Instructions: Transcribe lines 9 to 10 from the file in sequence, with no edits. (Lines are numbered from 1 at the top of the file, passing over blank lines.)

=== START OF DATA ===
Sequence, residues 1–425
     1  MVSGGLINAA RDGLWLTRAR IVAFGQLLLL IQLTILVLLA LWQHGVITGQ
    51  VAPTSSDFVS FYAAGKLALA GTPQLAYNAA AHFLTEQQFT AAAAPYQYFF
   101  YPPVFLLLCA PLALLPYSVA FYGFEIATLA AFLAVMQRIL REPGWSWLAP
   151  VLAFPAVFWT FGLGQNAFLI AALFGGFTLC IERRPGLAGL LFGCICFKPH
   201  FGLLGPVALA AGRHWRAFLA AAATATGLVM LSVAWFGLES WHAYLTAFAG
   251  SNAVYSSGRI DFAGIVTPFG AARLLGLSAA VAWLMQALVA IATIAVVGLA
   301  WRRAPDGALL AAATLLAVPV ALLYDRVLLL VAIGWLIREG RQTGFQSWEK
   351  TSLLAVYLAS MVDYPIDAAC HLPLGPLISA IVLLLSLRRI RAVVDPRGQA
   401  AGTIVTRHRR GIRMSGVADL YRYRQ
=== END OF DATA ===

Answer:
   351  TSLLAVYLAS MVDYPIDAAC HLPLGPLISA IVLLLSLRRI RAVVDPRGQA
   401  AGTIVTRHRR GIRMSGVADL YRYRQ